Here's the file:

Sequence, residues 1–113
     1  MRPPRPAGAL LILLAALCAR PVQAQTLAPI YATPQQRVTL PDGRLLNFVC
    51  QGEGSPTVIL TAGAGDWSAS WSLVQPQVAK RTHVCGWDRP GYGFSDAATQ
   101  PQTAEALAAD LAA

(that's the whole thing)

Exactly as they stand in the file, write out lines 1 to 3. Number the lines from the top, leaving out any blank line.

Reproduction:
Sequence, residues 1–113
     1  MRPPRPAGAL LILLAALCAR PVQAQTLAPI YATPQQRVTL PDGRLLNFVC
    51  QGEGSPTVIL TAGAGDWSAS WSLVQPQVAK RTHVCGWDRP GYGFSDAATQ